Italy entered the crisis with long-standing structural weaknesses. During the decade leading up to the crisis, deeply rooted structural weaknesses significantly constrained Italy’s growth potential; Italy’s annual real GDP growth averaged 1.5 %, around 2/3 percentage points below the euro area average, due primarily to sluggish total factor productivity. The high public debt ratio and the negative and worsening current account balance further limited the Italian economy’s capacity to withstand the negative economic shock.
Italy is experiencing excessive macroeconomic imbalances. High government debt and protracted weak productivity dynamics imply risks looking forward, with cross-border relevance. Despite moderate wage growth, competitiveness remains weak as productivity dynamics have been deteriorating, which limits unit labour cost adjustment. The slow resolution of non-performing loans weighs on banks’ balance sheets. High long-term unemployment weighs on growth prospects. Public debt reduction would require higher primary surpluses and sustained nominal growth looking forward. Policy action has been taken to reform labour market institutions, address non-performing loans, public administration, justice and education. Policy gaps remain, especially regarding privatisations, the collective bargaining framework, the spending review, market opening measures, taxation and the fight against corruption.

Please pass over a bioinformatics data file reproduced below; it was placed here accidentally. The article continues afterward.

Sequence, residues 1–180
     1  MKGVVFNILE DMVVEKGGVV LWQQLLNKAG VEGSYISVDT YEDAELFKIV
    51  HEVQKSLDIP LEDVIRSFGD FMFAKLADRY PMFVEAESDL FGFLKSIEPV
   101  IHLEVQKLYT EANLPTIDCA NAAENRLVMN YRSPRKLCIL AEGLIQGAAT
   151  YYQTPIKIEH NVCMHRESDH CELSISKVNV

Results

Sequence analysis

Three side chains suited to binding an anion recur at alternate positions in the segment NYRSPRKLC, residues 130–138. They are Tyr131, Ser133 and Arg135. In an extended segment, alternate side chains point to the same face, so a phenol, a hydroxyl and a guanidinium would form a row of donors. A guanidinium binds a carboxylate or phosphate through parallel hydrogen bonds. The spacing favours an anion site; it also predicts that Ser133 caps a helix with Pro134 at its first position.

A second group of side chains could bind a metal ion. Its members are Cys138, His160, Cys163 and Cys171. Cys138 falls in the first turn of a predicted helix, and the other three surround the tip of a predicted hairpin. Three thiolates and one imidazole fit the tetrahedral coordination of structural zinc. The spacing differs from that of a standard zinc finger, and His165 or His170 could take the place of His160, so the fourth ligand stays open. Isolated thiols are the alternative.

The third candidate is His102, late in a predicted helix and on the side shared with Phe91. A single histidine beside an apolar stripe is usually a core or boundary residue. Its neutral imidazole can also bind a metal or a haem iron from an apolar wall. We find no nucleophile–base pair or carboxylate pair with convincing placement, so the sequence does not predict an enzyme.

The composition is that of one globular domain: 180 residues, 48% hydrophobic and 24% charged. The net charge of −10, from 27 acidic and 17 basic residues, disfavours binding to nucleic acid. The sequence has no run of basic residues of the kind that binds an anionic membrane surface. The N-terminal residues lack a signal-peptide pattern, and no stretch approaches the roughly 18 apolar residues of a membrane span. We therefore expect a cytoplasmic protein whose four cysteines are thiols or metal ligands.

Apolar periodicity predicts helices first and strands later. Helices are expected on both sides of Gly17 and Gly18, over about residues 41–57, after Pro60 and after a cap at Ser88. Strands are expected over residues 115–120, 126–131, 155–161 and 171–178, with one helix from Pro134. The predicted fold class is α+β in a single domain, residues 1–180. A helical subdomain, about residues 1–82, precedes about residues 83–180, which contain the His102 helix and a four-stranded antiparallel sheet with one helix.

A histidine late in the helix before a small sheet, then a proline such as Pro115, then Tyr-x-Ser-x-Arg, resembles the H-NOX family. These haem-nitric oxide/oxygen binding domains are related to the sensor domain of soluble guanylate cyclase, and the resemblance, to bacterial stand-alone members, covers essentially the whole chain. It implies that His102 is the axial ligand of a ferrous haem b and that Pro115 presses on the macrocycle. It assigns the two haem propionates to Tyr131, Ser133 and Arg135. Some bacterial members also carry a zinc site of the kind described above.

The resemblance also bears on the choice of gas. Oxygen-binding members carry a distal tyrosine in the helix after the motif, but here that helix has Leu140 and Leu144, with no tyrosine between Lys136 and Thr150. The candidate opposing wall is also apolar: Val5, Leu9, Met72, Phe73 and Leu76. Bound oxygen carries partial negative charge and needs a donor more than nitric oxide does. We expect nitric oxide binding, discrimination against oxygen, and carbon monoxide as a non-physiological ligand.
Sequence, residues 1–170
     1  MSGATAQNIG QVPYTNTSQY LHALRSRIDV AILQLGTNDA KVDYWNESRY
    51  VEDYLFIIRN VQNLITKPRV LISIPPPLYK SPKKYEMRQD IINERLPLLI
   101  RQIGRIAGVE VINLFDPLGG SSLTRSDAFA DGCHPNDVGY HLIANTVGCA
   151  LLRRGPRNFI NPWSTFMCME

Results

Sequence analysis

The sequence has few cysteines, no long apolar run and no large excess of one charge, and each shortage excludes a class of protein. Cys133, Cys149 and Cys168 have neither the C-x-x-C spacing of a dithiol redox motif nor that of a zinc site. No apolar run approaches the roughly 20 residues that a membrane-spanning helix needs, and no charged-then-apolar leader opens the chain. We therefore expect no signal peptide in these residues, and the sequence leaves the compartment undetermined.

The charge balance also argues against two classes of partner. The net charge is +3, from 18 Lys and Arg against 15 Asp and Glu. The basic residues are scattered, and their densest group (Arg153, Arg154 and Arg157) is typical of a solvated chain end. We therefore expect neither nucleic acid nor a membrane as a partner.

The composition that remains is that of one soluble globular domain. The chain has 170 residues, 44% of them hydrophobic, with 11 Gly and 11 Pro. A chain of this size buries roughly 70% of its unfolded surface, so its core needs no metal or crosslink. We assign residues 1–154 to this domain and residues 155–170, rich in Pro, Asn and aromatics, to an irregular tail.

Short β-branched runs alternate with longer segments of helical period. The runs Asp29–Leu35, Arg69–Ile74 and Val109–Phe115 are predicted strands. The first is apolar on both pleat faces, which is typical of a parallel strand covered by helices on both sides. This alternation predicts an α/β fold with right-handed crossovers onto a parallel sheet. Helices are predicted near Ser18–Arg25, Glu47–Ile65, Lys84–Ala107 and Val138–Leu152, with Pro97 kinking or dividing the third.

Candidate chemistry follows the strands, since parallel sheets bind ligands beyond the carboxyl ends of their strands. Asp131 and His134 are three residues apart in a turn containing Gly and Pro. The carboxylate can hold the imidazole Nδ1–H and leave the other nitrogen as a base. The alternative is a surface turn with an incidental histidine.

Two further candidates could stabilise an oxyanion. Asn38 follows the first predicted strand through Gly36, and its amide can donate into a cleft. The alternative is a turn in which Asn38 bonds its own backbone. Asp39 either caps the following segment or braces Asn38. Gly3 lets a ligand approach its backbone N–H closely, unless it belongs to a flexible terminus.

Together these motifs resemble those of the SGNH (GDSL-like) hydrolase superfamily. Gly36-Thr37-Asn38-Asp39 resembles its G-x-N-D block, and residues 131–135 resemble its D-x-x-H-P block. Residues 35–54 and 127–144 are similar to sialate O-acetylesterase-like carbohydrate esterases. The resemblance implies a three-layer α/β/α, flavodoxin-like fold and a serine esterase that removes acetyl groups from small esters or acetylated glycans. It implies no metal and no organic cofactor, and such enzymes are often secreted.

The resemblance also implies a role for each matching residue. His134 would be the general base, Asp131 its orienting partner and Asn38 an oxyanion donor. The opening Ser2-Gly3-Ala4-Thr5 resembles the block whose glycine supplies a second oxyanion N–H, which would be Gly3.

Read a complete analysis of Italy's economy in the country report 2016 [2 MB]
2015 recommendations in brief
The Commission has made six country specific recommendations to Italy to help it improve its economic performance. These are in the areas of: public finances and taxation; infrastructure investment and EU funds; public administration and justice system; financial sector; labour market, wage-setting and education; simplification and competition.